he genus Tatia contains around about 14 species (2010)
distributed throughout South America east of the Andes from Venezuela
and Colombia to Southern Brazil. They don't grow big and the largest
size recorded is 12cm. ( 5ins).
Tatia tend to be kept by catfish fanatics
(for the want of a better word!) as you will not see them from
one week to another as they are nocturnal (active at night) and
you have to feed at lights out or as I do, put food into the pipe
or crevice that you will find them jammed into.
The barbels are moderate in length reaching to the end of the dorsal
fin and they tend to bend them upwards when looking for food. They
can also tuck their barbels alongside their cheeks making them nearly
invisible. I tend to think that there is a groove in this area where
they can lay their barbels in. They possess two pairs of barbels,
one pair of mandibular and one pair of maxillary.
Tatia aulopygia is quite a plain catfish. The eyes are
large with a skin over them and a few non catfish aquarists tend
to think that they have cloudy eye's and it is a disease, but
this is normal for the Auchenipteridae family.
They have quite a chunky body with a broad based caudal peduncle
(between the dorsal and caudal) which is unusual in itself as in
most fish it slopes down to the caudal fin. Tatia possess
a very small adipose fin and a moderately sized ventral and anal.
The anal fin is the key to the sexual dimorphism of this genus,
if you think of the male and female of most livebearer fish (Goodeidae
family) and you will not be too far away with this assumption.
As you can see above the female has a normal anal fin but the
males are modified into a copulatory organ with the first and
second ray thickened and longer, it is thought that the male uses
this to clasp the female during the spawning embrace.
Dorsal fin I,5 (n=7); dorsal-fin spine with
14-16 antrorse serrations along entire anterior margin; posterior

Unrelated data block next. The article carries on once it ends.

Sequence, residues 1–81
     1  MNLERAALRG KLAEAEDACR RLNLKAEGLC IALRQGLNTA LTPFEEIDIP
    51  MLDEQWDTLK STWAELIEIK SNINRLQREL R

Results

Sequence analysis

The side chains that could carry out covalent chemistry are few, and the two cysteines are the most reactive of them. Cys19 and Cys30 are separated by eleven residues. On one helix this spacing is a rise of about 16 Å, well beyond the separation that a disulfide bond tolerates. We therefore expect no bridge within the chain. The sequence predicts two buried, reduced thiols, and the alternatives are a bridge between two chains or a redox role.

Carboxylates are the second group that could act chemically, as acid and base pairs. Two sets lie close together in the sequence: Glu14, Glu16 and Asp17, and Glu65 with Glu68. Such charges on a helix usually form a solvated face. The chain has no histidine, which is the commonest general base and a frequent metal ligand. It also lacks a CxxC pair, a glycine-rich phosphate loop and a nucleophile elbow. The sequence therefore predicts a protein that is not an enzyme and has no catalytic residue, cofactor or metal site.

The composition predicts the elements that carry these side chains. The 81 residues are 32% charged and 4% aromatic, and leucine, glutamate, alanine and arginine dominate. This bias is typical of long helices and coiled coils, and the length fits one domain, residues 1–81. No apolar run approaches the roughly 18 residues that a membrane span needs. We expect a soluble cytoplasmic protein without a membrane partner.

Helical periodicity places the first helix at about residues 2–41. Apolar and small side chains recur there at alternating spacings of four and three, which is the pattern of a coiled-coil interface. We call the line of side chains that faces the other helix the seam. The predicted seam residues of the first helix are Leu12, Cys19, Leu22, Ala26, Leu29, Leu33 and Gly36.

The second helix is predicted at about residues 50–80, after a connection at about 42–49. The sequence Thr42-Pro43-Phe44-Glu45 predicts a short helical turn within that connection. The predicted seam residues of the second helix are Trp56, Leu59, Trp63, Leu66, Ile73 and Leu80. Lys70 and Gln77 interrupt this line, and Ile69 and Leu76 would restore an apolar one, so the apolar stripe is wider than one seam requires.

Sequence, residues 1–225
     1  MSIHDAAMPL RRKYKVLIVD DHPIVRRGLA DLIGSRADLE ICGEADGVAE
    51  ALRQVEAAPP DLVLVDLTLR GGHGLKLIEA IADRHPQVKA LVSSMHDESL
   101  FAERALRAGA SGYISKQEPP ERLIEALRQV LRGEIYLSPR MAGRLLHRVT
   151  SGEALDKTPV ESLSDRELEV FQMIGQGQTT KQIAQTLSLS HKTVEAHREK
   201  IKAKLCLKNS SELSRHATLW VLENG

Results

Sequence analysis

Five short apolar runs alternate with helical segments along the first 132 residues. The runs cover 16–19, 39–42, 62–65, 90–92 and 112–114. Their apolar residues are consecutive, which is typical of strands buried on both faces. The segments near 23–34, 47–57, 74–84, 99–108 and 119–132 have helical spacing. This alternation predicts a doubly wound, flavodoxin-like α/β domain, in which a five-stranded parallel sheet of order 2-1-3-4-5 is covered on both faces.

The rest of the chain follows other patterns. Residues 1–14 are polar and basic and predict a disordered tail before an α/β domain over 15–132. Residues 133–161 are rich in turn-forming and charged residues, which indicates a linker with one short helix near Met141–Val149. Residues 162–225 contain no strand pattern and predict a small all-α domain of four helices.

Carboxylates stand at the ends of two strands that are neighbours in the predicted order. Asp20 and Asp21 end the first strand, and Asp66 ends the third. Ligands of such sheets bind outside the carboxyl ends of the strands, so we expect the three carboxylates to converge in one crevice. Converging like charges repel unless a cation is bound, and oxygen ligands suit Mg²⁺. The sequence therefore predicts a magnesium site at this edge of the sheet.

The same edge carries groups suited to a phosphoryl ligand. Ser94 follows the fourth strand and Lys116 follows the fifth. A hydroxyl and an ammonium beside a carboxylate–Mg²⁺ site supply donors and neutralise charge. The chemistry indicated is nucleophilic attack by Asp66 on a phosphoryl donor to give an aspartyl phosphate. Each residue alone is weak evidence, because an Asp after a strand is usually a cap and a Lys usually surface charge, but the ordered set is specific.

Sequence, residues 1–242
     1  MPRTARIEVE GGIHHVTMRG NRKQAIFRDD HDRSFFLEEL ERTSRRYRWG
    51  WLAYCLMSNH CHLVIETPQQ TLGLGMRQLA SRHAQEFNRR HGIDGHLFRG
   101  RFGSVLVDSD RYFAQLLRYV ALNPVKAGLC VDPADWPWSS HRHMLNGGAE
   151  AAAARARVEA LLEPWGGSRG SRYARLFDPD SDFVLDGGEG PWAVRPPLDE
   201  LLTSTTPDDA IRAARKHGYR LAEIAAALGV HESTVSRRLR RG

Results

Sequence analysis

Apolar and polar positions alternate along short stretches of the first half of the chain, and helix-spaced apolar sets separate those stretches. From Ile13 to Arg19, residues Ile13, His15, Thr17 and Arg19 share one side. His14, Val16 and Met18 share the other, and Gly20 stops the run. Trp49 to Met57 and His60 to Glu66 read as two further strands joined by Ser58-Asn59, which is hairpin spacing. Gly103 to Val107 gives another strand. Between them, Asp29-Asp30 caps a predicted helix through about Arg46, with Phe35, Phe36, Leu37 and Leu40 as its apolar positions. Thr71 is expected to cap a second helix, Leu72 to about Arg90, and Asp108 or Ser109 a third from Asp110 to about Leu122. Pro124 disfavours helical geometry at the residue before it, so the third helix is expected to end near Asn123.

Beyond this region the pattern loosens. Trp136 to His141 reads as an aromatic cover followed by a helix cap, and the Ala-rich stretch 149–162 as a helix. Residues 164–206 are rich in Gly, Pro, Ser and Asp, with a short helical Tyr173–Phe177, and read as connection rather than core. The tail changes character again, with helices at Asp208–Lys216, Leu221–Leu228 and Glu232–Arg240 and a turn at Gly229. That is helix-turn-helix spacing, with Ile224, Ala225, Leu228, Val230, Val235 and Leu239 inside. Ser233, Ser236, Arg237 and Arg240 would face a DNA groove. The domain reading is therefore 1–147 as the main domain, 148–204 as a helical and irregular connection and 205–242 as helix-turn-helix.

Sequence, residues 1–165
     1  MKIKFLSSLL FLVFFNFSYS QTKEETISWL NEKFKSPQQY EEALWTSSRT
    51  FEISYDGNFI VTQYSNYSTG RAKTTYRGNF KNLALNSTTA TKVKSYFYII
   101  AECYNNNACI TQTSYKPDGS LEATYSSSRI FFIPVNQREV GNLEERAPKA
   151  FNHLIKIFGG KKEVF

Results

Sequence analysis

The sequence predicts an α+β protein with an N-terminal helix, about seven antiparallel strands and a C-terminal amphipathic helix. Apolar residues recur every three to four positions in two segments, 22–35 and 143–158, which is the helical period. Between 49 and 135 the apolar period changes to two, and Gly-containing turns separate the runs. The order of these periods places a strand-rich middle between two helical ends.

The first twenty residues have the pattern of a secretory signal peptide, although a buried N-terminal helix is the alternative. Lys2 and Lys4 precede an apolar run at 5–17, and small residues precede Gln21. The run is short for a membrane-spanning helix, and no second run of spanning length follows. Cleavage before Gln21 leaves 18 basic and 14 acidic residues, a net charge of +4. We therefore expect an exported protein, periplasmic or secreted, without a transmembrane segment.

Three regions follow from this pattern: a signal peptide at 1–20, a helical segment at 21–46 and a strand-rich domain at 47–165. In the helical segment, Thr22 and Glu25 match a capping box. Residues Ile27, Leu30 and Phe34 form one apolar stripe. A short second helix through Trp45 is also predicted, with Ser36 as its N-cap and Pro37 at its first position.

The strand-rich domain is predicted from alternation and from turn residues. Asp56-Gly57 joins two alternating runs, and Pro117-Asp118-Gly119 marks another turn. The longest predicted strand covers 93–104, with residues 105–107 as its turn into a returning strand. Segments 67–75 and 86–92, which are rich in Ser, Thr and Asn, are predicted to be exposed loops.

margin smooth. Pectoral fin I,5 (n=7); pectoral-fin spine with 21-24
antrorse serrations along anterior margin; small serrations close
to spine base; 14-16 retrorse serrations along posterior margin;
serrations along both margins progressively larger toward spine
tip. Pelvic fin i,5 (n=7); margin rounded. Adipose fin small, origin
on vertical through end of anal-fin base. Anal fin iii,7-8 (n=7);
anal-fin pterygiophores in eight rod-like proximal radials and seven
cartilaginous distal radials. Caudal fin forked, lobes with rounded
tips, 8+9 principal rays, 18- 20 upper procurrent, 17-20 lower procurrent
rays (n=7). Pleural ribs 10-11 attached to consecutive vertebrae.
PostWeberian vertebrae 38-39 (n=4).
Body coloration is somewhat variable, usually with large bands or
blotches irregularly distributed over sides of body. In some specimens
colouration is uniformly dark or pale brown, with caudal fin mottled.
Some young specimens have small spots over ventrolateral parts of
body and a barred caudal fin.
Give them small pipes, and they do seem to like to hide in the crevices
of bogwood as well. They appear to be happier if they can jam themselves
in with the use of their pectoral fins. Community tanks are fine
for this species although you may find that they will predate on
fry from other species, but apart from that they come well recommended
but don't expect to see them too often.
Internal fertilisation with the eggs deposited 24-48 hours later.
Also a report on Tatia creutzbergi, (T. gyrina)
with them placing their adhesive eggs on the underside of wood with
no broodcare after the event. A few members of the Auchenipteridae
family have been spawned in the hobby with a successful breeding
and raising of the young of Trachelyichthys decaradiatus
by Dick Thompson, a former member of The Northern Area Catfish Group
Study Group U.K.)
In its native habitat they feed on small invertebrates and crustaceans
and in the aquarium they will eat anything given such as frozen
bloodworm inserted in to their hideaway, catfish tablets, white
worm (sparingly) and prawns and shrimp. They do like their food
and you can see them shooting out of their hideouts and swimming
in a frenzied manner to try and take all for themselves, especially
when you feed them their favourite food, frozen bloodworm.
Burgess, Warren.E.Dr. Freshwater and Marine Catfishes
In honour of Mr. C. Tate Regan.
Riehl, Baensch. Aquarium Atlas 3.1997.
Great Britain. Volume1
Sterba, Gunther; Freshwater Fishes of the World 1
Sarmento-Soares, Luisa Maria; Martins-Pinheiro, Ronaldo
Fernando A systematic revision of Tatia (Siluriformes:
Auchenipteridae: Centromochlinae) Neotropical Ichthyology, 6(3):495-
occurs in the Madeira river drainage of the Amazon basin. Most
records are from upper reaches, in the Guaporé and Mamoré
|21-24c (69-75f )
| 6.5 - 7.5.
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